Reflecting on the central importance of openness in education, Dr Maren Deepwell, chief executive of the Association for Learning Technology, said, ‘At a time when openness is being contested in so many contexts, it can feel like the inherently political dimension of Open Education dominates its enormous practical potential to help us meet the challenges we face in education. It is important to remember that taking an open approach through practice, resources, governance and policy is not a luxury. Instead, it is an efficient, effective and often empowering way for organisations to achieve their aims.’

For full details see

Press passes

If you would like a press pass to attend the conference, please contact Maren Deepwell,

Notes for Editors

  1. ALT (the Association for Learning Technology) is a professional and scholarly association which brings together those with an interest in the use of Learning Technology. As the UK’s leading membership organisation in the Learning Technology field, we work to improve practice, promote research, and influence policy.
  2. OER17 is organised by ALT and volunteer members from across the community.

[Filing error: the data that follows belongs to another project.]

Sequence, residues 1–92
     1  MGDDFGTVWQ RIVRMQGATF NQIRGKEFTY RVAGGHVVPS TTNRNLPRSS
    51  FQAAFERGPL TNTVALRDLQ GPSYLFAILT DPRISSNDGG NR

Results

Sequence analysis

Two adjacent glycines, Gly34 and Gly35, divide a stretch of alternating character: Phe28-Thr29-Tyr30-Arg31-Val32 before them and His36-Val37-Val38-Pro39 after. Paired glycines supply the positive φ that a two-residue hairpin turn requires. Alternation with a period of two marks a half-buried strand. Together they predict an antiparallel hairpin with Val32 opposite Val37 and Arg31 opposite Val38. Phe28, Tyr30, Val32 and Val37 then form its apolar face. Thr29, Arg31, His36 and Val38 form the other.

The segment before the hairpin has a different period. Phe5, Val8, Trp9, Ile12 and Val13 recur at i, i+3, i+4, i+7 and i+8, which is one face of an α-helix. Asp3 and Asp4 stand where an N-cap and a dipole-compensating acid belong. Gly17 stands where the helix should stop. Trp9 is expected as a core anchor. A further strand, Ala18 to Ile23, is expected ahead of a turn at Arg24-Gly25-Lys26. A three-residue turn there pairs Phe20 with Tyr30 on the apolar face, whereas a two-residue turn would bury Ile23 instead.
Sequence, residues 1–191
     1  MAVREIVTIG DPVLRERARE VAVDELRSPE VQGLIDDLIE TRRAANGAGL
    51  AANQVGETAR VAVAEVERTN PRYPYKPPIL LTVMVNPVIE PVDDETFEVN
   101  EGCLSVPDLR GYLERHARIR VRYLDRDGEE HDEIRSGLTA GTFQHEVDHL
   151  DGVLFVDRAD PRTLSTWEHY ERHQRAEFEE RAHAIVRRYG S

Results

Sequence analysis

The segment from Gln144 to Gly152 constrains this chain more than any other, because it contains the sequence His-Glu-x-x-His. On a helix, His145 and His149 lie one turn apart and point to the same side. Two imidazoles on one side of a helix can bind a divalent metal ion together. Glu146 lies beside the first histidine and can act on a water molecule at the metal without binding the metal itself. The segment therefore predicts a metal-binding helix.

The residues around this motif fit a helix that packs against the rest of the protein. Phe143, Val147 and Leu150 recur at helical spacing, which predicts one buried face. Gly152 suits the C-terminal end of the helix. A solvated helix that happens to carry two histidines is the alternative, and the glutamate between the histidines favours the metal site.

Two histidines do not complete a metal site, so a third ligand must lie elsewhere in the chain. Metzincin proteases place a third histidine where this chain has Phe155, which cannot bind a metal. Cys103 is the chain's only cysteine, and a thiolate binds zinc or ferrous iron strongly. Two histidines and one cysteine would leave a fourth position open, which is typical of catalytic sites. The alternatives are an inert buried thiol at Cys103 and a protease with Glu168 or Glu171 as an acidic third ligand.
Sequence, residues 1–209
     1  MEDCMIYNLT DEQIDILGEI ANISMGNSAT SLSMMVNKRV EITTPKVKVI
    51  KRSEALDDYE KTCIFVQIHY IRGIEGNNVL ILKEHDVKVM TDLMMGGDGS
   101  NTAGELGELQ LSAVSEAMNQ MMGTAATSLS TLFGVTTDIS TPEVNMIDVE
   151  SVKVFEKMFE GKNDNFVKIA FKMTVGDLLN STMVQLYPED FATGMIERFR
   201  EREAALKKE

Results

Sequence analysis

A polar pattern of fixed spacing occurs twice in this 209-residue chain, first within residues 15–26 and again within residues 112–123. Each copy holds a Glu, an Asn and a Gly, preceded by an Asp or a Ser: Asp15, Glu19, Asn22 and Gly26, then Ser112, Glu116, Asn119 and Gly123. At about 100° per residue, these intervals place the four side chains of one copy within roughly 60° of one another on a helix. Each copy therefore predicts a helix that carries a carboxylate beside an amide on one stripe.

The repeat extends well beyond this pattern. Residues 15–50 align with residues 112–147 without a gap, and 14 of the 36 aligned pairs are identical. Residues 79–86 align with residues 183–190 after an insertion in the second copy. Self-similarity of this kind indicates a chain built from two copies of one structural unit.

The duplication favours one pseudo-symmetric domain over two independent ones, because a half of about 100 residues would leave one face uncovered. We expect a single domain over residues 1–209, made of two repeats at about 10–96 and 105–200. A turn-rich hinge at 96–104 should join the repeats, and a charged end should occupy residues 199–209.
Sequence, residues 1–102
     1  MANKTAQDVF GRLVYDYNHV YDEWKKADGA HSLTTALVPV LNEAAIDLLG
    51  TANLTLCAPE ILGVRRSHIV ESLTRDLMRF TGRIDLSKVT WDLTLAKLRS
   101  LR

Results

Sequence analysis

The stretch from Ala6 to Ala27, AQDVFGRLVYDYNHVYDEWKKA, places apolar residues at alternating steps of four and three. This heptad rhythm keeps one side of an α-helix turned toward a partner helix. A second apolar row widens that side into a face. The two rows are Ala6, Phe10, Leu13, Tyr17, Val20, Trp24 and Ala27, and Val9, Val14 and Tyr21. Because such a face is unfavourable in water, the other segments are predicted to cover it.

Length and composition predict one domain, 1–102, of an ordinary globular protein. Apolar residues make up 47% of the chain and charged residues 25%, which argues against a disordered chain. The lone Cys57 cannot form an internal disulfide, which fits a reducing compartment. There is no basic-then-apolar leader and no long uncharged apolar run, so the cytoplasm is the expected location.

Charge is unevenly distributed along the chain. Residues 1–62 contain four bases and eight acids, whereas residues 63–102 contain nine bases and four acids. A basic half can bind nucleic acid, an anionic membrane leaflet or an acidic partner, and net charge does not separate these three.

3. About 2,300 individuals belong to ALT, as do ~ 200 organisations across education sectors in the UK and internationally.
  4. If you are writing about, blogging or sharing images and videos about the OER17 Conference using tools that support tagging, please use the tag #oer17.
  5. Our Sponsors are listed at
  6. More information about the conference:
  7. Association for Learning Technology, Gipsy Lane, Headington, Oxford, OX3 0BP Tel: +44 (0)1865 484 125, URL:
  8. ALT is a Registered Charity in the UK, number: 1160039

Upcoming Keynote & Information Literacy Awards: Lilac 2017

The LILAC annual conference is for librarians and information professionals who teach information literacy skills, are interested in digital literacies and who want to improve the information seeking and evaluation skills of all library users.

The 2017 conference takes place in beautiful Swansea, 10-12 April.

I’m delighted to be judging the Credo Digital Award for Information Literacy again. The award recognises the work of an individual or group, from any sector, who have produced a creative, innovative, and effective digital educational resource for promoting Information Literacy. Entries are due in by 5pm (GMT) on the 3rd March, so get your nominations in asap.

I’ll also be delivering the opening keynote, and I’ll be speaking about Open Educational Practice – what it means and why it is important to every one who supports information literacy: